Thousands of voters may have been tricked by fraudulent phone calls during the federal election in May 2011, say opposition parties.

Former Liberal MP Anita Neville blames the Conservative party. She was unseated on election day by Conservative Joyce Bateman in the Winnipeg South Centre riding.

Neville said her office received complaints from Liberal-minded voters on the eve of the election about automated calls claiming to be from Elections Canada, which told constituents to vote at a polling station near Headingley and the Perimeter. That location was not the correct polling station and the calls were not actually from Elections Canada.

"It was all part of a campaign to misinform constituents about my views and to try and wear away at my majority and clearly it helped," said Neville.

The phone messages, which have been termed robocalls, apparently went out to voters in some ridings across the country where political races were closely fought.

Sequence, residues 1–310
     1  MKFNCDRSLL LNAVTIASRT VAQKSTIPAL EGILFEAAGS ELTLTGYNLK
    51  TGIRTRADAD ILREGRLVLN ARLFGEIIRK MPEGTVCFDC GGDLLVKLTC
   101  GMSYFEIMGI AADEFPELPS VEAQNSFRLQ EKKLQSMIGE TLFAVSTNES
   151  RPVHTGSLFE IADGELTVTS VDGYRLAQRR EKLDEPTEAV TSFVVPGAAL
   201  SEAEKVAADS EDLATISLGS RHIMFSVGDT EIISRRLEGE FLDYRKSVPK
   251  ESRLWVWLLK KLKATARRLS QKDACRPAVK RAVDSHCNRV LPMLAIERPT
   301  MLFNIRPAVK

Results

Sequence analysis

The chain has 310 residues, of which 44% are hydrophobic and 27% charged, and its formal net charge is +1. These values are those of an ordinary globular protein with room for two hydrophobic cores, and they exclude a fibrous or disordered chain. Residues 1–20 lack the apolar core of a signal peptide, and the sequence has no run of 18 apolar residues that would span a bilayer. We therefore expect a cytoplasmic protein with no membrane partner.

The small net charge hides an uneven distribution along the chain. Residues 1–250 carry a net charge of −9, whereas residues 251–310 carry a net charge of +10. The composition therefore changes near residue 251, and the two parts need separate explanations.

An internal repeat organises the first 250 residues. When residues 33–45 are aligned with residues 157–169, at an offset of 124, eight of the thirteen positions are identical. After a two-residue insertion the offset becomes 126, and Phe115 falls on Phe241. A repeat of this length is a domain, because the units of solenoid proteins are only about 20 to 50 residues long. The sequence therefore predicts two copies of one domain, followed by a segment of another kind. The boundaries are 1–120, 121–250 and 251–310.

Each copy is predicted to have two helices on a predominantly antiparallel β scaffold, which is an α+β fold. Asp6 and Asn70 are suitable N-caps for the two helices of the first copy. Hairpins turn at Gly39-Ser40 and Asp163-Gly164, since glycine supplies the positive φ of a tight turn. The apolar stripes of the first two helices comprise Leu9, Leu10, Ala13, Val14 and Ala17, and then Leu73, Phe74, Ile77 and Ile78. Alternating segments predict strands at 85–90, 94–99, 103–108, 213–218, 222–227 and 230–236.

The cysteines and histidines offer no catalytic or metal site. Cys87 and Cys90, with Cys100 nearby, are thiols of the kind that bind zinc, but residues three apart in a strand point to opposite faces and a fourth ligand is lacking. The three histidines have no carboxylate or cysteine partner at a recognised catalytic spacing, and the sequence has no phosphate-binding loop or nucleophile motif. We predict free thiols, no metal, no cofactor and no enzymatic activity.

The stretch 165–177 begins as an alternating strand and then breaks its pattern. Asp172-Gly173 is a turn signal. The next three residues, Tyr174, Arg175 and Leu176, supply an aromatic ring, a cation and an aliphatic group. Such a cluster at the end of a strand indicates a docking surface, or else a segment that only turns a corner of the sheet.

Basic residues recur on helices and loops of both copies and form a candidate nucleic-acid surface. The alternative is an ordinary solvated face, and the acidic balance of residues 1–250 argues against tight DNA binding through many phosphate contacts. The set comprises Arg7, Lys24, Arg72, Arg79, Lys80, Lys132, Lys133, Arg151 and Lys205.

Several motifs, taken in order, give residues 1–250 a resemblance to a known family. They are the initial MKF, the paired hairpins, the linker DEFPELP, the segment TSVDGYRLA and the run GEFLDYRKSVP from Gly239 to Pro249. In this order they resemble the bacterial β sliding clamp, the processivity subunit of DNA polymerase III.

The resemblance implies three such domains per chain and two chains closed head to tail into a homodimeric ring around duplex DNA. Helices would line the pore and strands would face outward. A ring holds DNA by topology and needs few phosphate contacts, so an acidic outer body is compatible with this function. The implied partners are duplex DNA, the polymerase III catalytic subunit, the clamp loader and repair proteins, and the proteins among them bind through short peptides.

"How is this any different than a bunch of goons with guns blocking a voting station as we've seen in Third World countries?" asked Pat Martin, the NDP MP for Winnipeg Centre.

Elections Canada has traced the robocalls to an Edmonton call centre, Racknine, that has ties to the Conservative party.

The prime minister denied the Conservatives were behind the robocalls.

"In this case, our party has no knowledge of these calls," said Prime Minister Stephen Harper on Feb. 23.

On Feb. 24, however, a Tory staffer in Toronto resigned over the robocall allegations.

"The fingerprints certainly point to the Conservatives," said Neville.

Conservative MP Joyce Bateman refused to comment about the robocalls on Friday.

A spokesperson for her office said she was busy doing work in the constituency.

Neville said her staff members received word from constituents about the calls at the height of the election, but didn't take down official documentation. They called Elections Canada - only to confirm the calls did not in fact come from the agency. Neville said they didn't file a complaint at the time of the election, but she now says they should have done so.

Both the RCMP and Elections Canada have launched probes to examine reports regarding the robocalls.

- with a report from CTV's Jeff Keele